Ragged Astronauts Paperback – 1 May 1988
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Top customer reviews
The twin planets are so close that there are two periods of daytime on the inhabited world, and a short night in between, with a longer night at the other end. There is a thin envelope of air, it turns out, linking the two planets, and if someone were to go up in a hot-air balloon he could just about cross over to the other world. But is the journey survivable and could an entire population be evacuated?
This first book in the series is definitely the best. The second, The Wooden Spaceships, deals with large-scale population movement and colonisation. Really Shaw could have left it at that but perhaps he was pushed into writing a trilogy. The Fugitive Worlds is readable but not so good or credible.
Bob Shaw was a Northern Irish writer who was a contemporary and friend of James White and Brian W Aldiss.
I consider his best work to be Other Days, Other Eyes, which is about slow glass.
By keeping the technology deliberately low level, roughly equivalent to 18th-19th century Earth, Bob Shaw manages to keep it in the background to allow the story to flow unfettered.
Consider this; how would you expect people to travel between planets (believably) with such primitive technology? A hot air balloon perhaps?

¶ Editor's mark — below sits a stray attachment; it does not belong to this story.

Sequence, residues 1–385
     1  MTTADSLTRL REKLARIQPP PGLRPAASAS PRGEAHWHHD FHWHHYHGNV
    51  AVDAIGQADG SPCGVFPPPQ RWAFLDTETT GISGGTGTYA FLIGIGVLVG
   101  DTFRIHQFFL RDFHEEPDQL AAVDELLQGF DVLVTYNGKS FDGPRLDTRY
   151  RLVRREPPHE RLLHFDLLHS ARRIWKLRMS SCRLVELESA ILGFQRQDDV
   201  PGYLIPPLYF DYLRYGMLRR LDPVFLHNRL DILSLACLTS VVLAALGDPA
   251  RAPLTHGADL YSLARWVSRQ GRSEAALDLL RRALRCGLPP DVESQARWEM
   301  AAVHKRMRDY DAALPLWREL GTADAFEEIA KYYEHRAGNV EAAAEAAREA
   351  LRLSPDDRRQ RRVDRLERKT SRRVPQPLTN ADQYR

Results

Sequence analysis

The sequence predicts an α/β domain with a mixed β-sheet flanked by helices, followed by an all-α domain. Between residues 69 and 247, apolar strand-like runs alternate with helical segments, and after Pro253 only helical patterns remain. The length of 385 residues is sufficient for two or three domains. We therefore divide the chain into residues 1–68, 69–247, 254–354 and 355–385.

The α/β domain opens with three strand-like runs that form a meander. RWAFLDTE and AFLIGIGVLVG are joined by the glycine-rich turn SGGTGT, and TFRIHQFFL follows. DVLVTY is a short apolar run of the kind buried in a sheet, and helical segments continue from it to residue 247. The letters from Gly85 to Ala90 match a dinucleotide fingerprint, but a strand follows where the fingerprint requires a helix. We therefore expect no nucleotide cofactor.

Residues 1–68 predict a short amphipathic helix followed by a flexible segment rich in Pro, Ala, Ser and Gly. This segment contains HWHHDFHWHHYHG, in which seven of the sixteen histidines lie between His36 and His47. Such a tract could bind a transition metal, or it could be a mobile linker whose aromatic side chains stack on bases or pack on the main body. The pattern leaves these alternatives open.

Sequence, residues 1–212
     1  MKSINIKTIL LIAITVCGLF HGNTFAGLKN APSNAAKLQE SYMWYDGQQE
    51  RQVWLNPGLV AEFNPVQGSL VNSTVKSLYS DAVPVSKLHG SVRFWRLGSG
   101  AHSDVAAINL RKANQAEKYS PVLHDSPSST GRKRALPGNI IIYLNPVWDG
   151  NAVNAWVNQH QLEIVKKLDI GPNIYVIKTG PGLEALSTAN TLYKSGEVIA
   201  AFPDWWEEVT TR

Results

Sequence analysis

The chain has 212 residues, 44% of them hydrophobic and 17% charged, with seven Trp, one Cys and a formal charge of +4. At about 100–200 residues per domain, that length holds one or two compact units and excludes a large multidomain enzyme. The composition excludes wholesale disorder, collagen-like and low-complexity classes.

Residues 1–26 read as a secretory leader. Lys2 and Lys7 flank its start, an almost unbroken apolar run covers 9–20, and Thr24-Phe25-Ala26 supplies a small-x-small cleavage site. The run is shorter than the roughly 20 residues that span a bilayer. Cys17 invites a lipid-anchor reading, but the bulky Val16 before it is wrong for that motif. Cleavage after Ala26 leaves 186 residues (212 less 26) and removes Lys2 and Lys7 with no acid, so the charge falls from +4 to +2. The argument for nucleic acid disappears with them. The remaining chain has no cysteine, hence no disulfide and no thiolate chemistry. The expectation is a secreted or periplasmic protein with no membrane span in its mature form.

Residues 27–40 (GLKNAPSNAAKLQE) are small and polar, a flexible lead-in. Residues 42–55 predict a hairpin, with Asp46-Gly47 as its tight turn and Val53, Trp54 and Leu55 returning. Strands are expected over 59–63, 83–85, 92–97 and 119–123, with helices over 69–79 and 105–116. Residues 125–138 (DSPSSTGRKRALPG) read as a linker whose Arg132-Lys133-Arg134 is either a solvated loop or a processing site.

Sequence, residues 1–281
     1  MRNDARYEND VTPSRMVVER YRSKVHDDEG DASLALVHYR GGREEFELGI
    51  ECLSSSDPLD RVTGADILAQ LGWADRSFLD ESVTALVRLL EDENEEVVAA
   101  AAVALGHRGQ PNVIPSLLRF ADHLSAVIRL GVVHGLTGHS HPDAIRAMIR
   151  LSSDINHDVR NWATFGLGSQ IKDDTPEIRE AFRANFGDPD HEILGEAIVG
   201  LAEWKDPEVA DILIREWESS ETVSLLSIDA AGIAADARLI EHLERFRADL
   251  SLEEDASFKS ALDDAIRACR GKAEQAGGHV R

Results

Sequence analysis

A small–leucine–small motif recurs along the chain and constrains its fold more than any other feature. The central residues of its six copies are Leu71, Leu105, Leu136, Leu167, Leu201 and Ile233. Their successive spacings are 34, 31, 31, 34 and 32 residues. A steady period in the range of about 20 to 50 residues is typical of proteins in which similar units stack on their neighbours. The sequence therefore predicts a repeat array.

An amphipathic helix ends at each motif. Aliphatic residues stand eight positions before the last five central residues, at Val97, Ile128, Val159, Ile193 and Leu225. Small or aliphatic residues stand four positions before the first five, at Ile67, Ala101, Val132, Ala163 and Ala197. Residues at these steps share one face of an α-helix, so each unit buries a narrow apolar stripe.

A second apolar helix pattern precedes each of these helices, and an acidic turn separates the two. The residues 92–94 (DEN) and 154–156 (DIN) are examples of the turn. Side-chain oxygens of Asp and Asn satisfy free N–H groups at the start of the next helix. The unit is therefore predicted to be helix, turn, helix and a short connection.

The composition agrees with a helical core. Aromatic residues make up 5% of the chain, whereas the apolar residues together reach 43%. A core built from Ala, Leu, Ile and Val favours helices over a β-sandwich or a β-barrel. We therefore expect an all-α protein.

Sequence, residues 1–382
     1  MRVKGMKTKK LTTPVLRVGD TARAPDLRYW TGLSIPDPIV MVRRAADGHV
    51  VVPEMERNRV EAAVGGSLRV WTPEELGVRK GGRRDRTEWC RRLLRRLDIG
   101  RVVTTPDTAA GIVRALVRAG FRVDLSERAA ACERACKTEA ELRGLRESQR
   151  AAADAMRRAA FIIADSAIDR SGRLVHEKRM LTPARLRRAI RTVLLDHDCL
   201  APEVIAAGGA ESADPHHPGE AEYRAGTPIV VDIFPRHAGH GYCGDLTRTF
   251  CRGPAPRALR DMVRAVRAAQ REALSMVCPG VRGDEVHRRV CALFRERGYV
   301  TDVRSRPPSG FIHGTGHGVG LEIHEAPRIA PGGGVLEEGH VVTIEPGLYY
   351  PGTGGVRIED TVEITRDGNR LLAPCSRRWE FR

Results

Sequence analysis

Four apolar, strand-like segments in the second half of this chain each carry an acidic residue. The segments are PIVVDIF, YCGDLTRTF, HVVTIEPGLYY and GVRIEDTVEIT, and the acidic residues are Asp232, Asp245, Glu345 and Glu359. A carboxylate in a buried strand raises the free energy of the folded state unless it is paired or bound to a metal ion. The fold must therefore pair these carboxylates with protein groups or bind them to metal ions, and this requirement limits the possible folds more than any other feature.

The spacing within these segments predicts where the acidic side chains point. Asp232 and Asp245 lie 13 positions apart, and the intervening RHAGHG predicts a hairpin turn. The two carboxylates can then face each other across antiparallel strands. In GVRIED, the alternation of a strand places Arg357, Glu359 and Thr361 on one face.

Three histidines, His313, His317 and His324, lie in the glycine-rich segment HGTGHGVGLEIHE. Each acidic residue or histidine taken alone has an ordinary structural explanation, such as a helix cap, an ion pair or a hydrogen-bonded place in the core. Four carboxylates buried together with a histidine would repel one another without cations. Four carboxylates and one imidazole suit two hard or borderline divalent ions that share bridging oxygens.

The protagonists are sympathetic and believable, which makes a nice change from a lot of similar space opera. I pick my ancient copy off the shelf every now and then for a quick look, which always turns out to be a cover to cover read.
The two subsequent books in the trilogy, The Wooden Spaceships and The Fugitive Worlds take the story to a satisfactory finale.
All Bob Shaw's strengths are displayed here: an ingenious and innovative story line, believable characters who you can care about, and gleefully implausible plot twists that you can happily accept without too much worry. In this case the implausibility comes from the fact that space travel between planets is possible by balloon. This unusual premise is unlike most other Bob Shaw plot twists in which the scientific explanation usually only goes to add weight to just how implausible the idea is. No explanation is, very wisely, offered other than a reference to pi having a value of 3 in this universe.
With no time wasted on the science, more time is left for the rip-roaring adventure and that makes this yarn entertaining and one that is well worth reading. Whether the whole trilogy is worth reading is debatable as towards the end of the second book Shaw starts to lose interest in the tale, and he definitely pushes the idea too far in the third book. A short balloon trip through space is just about acceptable if you're willing to suspend your disbelief, but regular interplanetary travel and warfare in wooden spaceships takes some swallowing.
In The Ragged Astronauts, Land and Overland are twin planets, orbiting one another as well as their star. Unfortunately on Land, things look grim. The environment is being damaged by over-exploitation, and diseases are spreading. The people are forced to consider radical ideas for their survival. One person has the idea of flying to Overland by hot-air balloon. Of course, no-one believes him....
This splendid book, filled with rip-roaring adventure and huge happenings, ranks amongst Bob Shaw's best, and I recommend it to all.
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